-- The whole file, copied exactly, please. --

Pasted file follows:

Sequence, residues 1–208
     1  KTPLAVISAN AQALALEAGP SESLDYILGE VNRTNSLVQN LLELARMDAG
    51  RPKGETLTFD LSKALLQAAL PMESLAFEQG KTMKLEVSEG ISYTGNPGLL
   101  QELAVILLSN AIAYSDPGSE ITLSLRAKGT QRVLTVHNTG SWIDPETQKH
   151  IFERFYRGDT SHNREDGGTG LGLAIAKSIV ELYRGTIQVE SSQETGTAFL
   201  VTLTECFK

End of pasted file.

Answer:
Sequence, residues 1–208
     1  KTPLAVISAN AQALALEAGP SESLDYILGE VNRTNSLVQN LLELARMDAG
    51  RPKGETLTFD LSKALLQAAL PMESLAFEQG KTMKLEVSEG ISYTGNPGLL
   101  QELAVILLSN AIAYSDPGSE ITLSLRAKGT QRVLTVHNTG SWIDPETQKH
   151  IFERFYRGDT SHNREDGGTG LGLAIAKSIV ELYRGTIQVE SSQETGTAFL
   201  VTLTECFK